Why Hire a Pro?

by Kris Phillips

camera_printDuring a recent conversation with a colleague, a wedding photographer, he was lamenting that it was hard to compete with “every college kid with a Canon Rebel”. These days everybody’s a photographer. While I could certainly understand his frustration I don’t necessarily feel his pain. Competition drives innovation. If you want to compete in a world where artistry and technology marry, you had better offer something no one else does. And let’s be real, most Smart Phones have better imaging capability than my first camera. So why should you hire a pro? Because there is a lot more to a great image than just the camera.

The Camera: Yep, every photographer has one, and so does everyone else. Depending on your level of interest in photography you might have anything from an I-phone to a pro-grade Cannon with an assortment of lenses. You may even have a better camera than your average photographer, whose choice of equipment will depend on a host of factors from nostalgia to functionality. Personally, I tend toward the less-is-more approach. Any given weekend you’ll see me wandering around a park or event with my Nikon D3400 and generally a single lens or two. I need mobility and flexibility when I shoot. An average shoot you’ll likely find me laying in the grass, crouched on one knee, wading through a creek, or possibly climbing a tree. Once I even chased a run-away pup for a half mile at a full run. Plus, my subject generally have very limited attention spans, so changing lenses is a luxury I generally forgo. For these reasons I keep my equipment as compact as possible. But other photographers may find more equipment gives them more versatility and better results. Meanwhile, I have seen amazing artwork produced with an IPhone. A camera is like any other tool. One skilled carpenter may use a band-saw and power-drill to build your book case, while another may form it with a hammer and chisel. It is as much about the hands as it is about the tools. Choose your photographer by their portfolio more than their equipment.

Mastiff puppy with ballThe Experience: Experience could mean a lot of different things. Some folks pursue official degrees in Art or Photography. Others are self taught. Most will be a mix of the two. As with any tech, photography is constantly changing. So upgrading equipment and software is a must, and so is constantly learning how to use those upgrades. But there are a lot of other skills that go into creating a beautiful portrait. Knowing how to work with the ambient light, and your own equipment are vital. But you also have to know how to work with your subjects. I have been professionally photographing pets and their people since 2009 and every single shoot offers new challenges and an ever growing knowledge-base of how to over-come them. I have worked with deaf dogs, blind dogs, hyper dogs, and dogs who were completely out of control. I have even photographed house-mates who tried to maul each-other when they got within two feet of each other. Whatever the circumstances, I have a whole bag of tricks to get the best portrait possible.  “Sit up strait, tilt your head slightly, look at the camera, and smile big” doesn’t usually accomplish much with your average Golden Retriever. And they definitely don’t sit still for long.  When I was still in college I got my first taste of photographing pets. I chose my sweet one-year-old husky for a semester-long photography project. Of all the dogs to teach me to be patient for the moment and then quick on the shutter, she was the one! From Shelties to Siberians, experience is the difference between a blur of fur and a polished pet portrait.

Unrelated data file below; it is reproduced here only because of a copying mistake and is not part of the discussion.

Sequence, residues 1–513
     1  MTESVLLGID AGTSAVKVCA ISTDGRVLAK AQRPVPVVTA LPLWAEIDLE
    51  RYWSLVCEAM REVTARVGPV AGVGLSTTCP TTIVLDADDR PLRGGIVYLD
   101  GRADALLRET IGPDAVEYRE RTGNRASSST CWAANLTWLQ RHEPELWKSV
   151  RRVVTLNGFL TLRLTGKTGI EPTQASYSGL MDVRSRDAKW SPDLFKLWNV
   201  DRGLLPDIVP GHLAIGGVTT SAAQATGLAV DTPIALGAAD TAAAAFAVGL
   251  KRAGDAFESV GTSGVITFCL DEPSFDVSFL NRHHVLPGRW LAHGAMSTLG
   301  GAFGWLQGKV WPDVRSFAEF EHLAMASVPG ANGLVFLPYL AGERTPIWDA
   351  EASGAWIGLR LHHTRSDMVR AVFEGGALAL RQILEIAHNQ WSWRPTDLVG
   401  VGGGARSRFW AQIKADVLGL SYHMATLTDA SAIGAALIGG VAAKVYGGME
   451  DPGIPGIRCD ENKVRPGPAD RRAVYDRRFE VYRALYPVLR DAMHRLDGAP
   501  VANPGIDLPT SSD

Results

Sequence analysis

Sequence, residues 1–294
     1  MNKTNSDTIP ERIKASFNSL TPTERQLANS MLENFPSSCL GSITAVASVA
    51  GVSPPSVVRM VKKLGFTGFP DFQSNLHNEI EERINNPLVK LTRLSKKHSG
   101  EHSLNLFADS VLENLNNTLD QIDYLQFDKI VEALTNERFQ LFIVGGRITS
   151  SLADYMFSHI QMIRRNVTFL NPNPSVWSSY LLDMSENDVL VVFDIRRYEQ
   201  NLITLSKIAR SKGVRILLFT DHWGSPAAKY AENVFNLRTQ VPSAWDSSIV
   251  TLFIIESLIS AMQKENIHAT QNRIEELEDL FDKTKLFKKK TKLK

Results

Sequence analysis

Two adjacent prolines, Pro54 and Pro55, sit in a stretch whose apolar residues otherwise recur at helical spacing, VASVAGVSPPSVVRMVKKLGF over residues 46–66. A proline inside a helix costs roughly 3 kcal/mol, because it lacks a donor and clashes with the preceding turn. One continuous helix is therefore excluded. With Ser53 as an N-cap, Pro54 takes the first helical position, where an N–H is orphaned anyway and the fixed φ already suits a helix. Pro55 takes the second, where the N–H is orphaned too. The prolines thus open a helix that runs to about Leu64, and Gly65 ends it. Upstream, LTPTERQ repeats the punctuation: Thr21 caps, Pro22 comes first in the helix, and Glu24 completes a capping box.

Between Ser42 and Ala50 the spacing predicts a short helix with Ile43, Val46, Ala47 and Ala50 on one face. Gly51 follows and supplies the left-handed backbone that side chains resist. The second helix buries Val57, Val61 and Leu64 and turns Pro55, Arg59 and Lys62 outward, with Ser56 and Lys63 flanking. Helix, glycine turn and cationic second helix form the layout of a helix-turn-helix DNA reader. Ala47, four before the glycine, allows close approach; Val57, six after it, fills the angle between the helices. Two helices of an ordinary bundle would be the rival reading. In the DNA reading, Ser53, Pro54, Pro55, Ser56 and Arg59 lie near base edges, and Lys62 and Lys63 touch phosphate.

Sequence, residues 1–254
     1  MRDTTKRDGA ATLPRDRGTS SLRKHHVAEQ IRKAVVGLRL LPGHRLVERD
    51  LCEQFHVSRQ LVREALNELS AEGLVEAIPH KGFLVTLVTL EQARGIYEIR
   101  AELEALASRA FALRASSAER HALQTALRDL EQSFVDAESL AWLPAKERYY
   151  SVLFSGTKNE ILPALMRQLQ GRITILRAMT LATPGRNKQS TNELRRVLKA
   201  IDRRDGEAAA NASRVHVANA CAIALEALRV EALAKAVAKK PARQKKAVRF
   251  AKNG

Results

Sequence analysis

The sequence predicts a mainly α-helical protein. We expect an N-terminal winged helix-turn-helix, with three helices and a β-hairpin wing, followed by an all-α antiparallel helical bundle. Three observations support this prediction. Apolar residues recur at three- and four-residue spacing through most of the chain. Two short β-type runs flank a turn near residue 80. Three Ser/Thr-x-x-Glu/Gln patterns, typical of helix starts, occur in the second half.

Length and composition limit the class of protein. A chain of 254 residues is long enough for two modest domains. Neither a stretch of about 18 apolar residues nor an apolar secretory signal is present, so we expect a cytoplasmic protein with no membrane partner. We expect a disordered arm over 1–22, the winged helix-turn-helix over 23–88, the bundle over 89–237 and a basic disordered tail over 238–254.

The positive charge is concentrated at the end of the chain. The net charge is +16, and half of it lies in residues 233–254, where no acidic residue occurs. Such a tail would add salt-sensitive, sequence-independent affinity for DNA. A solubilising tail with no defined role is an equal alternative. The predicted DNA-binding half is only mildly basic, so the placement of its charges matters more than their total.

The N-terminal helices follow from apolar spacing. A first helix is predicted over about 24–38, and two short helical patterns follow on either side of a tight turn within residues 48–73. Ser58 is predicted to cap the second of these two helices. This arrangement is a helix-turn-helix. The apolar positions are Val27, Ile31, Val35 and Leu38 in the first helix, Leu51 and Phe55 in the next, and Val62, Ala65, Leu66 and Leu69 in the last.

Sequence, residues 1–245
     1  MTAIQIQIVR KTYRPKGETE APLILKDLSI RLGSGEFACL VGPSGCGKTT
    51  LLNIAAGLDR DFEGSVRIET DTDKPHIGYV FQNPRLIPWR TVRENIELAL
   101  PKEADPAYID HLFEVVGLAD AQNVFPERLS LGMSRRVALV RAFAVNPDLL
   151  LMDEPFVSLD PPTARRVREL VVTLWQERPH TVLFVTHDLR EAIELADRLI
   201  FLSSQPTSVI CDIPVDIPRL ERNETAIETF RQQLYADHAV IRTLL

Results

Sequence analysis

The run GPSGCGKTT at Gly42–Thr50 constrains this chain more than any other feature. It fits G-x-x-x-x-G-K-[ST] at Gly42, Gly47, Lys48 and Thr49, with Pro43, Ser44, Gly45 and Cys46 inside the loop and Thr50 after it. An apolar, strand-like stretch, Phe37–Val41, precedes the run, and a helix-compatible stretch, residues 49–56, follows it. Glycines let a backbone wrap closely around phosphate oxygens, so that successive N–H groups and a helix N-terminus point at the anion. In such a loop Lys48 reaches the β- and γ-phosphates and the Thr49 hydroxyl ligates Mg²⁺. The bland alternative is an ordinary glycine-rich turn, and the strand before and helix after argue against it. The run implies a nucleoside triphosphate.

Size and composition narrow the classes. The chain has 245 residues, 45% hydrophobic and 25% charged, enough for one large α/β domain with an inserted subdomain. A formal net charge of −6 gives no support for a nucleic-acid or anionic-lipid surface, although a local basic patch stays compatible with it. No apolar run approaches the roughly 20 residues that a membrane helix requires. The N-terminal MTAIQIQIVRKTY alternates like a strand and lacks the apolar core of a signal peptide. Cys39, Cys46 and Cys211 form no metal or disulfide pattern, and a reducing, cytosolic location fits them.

You can’t be in your own photos. While everyone loves a good selfie you may not want to blow one up, frame it, and hang it in your living room. And how many of us have family photo albums where Mom is noticeably absent because she was always the one taking the pictures? The camera companies noticed too, that’s why they installed the handy-dandy self-timer. Ok, you got your tripod, you got your camera set on timer. You push the button and now you have 10 seconds to get both parents looking at the camera instead of the kids. Get the kids looking at the camera instead of the dogs. And the dogs looking at the camera instead of the bird, the squirrel, and the grass. And don’t forget to smile :). So even if you’re pretty good with a camera consider getting on the other side of it for a frame-worthy, polished family portrait.

What are you paying for? Yes, hiring a pro will cost more than if you do it yourself. And the prints will likely cost a good bit more than getting your pics from the corner store. So what are you paying for? Well, all of the things mentioned above. You are paying for your photographer to keep their equipment up to date. You are paying for their artistry and experience. Whether they have been photographing for months, years, or decades will effect the final outcome of your portraits. You are paying for their time. For me an average shoot lasts about 75 minutes, but the editing process takes me between 4-6 hours. I will go through every single frame snapped, find the best ones, and then refine them to their best. This might be subtle changes to enhance color or lighting, soften skin tones, reduce wrinkles, remove blemishes, and whiten teeth. Or more drastic editing to remove random photo-bombers, ugly signs, or erase leashes when possible.

But what do you really get? You get vibrant, lasting images of the adventurous spirit you share with your furry loved ones. Images you’ll be proud to display in your home.

 

Sheltie Photo By Waterfall

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